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You're Willing to Transcribe a Cemetery?
by Linda Haas Davenport

Here are some simple instructions on how to transcribe a cemetery so that your information will help the most people.

Flowers Dividing Line

It is extremely helpful if you will list the directions to the cemetery from some central point that strangers can readily find. Many visitors to cemeteries are out-of-towners.

Describe the cemetery - small family cemetery, large well-kept, overgrown, hard to reach, etc. etc. etc.

If the cemetery is one in which graves are scattered every which way it is helpful to draw a "map" of the cemetery with a box for each grave. Number the box and use the same number when you write down the information found on the tombstone. This will help others locate the graves. Here's an example - Justice Family cemetery

The grouping of graves often gives valuable clues on family connections. It is important to record graves in the order they are found and not put them in alphabetical order.

When you enter a cemetery decide how you will walk the rows of graves - left to right, right to left? Whatever way seems best for you use the same way for every row. If you begin on row 1 going from left to right then list row 2 the same way - left to right.

Go to your starting point (usually the first row of graves after you enter the cemetery) and on your paper list the row number and say you are moving left to right, or whatever.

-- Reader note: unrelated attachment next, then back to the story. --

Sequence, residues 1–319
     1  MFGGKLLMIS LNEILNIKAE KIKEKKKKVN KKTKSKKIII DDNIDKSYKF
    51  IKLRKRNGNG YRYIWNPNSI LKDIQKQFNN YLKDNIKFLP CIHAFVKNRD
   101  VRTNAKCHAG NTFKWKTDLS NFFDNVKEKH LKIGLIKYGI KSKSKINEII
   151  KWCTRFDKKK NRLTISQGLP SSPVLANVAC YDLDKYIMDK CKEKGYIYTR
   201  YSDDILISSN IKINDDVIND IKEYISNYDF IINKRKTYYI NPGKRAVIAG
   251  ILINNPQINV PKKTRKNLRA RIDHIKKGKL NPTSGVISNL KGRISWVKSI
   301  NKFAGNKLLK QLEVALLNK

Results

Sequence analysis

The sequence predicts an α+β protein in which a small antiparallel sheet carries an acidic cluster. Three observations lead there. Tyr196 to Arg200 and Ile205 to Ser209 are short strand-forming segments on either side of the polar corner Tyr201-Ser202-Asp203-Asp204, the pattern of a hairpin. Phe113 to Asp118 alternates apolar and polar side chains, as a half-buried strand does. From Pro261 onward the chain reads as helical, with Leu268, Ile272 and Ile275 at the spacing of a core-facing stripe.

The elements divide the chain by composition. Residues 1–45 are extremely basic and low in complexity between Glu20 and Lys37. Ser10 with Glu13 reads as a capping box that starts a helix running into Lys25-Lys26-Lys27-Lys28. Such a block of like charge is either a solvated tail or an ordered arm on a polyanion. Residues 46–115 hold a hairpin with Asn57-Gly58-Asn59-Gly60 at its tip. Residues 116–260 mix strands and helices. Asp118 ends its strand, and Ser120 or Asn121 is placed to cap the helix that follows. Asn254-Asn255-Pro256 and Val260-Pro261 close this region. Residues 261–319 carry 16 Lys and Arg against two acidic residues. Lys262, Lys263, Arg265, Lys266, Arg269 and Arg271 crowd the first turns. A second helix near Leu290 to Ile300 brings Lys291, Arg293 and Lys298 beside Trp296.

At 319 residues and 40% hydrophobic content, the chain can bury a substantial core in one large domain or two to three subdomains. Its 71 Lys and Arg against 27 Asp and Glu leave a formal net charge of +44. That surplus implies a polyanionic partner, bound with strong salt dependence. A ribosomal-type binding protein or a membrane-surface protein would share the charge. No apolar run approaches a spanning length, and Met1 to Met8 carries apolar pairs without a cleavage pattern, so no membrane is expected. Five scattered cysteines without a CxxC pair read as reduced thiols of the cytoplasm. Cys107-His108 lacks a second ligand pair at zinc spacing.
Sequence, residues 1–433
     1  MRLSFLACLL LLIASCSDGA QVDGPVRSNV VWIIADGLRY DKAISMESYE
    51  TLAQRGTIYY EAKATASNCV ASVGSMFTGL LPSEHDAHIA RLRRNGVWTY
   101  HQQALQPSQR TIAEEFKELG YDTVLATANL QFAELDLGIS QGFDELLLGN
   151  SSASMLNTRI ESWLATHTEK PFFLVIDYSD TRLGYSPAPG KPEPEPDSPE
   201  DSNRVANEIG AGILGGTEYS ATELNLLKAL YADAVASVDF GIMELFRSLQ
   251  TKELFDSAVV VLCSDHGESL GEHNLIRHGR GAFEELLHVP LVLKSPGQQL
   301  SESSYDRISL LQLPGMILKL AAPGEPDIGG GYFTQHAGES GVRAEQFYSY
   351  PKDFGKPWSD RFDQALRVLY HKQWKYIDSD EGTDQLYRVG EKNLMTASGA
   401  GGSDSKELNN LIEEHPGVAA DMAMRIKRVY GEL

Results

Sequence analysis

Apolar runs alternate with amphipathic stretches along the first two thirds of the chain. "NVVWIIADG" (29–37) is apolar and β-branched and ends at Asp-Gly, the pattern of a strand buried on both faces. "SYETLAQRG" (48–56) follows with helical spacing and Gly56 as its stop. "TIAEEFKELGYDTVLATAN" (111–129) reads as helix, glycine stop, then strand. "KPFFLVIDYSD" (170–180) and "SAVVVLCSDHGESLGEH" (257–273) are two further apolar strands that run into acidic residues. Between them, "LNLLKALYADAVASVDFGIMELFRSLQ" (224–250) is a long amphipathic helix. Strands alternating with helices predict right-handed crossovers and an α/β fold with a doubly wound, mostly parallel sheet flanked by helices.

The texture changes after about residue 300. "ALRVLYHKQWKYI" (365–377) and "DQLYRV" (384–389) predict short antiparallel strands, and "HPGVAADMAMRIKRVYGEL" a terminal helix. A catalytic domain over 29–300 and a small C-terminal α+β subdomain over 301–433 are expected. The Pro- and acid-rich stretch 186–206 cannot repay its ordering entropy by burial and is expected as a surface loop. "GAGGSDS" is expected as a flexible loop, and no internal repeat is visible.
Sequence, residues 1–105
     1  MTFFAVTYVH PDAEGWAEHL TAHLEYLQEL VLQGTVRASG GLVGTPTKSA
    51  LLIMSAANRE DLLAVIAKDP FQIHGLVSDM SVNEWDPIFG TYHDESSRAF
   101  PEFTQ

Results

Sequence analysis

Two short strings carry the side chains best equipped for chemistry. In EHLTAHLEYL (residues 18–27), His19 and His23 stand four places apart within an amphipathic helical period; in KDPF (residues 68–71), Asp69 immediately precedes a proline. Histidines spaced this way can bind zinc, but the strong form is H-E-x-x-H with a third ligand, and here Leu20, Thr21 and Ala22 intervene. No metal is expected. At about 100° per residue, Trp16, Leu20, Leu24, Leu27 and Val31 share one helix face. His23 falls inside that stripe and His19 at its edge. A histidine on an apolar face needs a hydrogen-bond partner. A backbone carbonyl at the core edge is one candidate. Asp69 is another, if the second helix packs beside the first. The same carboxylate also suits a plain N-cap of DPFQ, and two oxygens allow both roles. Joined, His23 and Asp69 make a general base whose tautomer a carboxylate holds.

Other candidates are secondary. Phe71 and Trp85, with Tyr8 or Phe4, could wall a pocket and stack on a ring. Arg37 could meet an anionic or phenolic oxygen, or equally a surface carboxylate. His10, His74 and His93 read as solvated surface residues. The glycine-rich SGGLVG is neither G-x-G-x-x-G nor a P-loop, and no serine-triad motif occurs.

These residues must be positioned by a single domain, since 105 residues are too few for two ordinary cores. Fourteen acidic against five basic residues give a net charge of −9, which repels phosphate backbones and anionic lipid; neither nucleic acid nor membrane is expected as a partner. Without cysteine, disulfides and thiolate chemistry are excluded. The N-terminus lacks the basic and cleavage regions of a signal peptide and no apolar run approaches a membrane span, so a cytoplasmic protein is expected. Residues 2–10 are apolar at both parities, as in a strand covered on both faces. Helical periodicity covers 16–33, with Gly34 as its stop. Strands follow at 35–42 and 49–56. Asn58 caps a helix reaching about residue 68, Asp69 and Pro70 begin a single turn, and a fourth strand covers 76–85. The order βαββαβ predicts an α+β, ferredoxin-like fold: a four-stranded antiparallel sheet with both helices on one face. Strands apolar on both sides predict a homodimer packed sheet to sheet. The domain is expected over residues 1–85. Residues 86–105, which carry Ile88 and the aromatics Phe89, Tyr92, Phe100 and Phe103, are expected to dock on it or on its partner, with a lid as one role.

Begin with the first grave and transcribe everything that is found on the tombstone. If the headstone is a double headstone say so, if the grave has a foot marker note the fact and list what it says.

If the tombstone if only partially legible write down what you can read and say the stone is hard to read, faded, broken, or whatever.

If you find a grave marked with a rock, list the grave and say "marked with rock".

Often times you will find a grave with just the metal funeral home marker and the paper inside the frame is either missing or so faded it is impossible to read. Note that information.

If you have an empty space between graves note it as an empty space. It may very well be that there is someone buried there with no marker.

You will often find areas where there is a large family marker and many graves scattered around it or inside a fence. Note this information.

Here's a example of a well-kept mid-sized cemetery I have transcribed. Mt. Hermon Methodist Church in Washington Co NC.

If you have any questions or I can help in any way please let me know.

Dividing Line

Return to Cemetery Index Page
Return to Marion Co Home Page

Linda Haas Davenport


Dividing Line

Return to Cemetery Index Page
Return to Marion Co Home Page

Linda Haas Davenport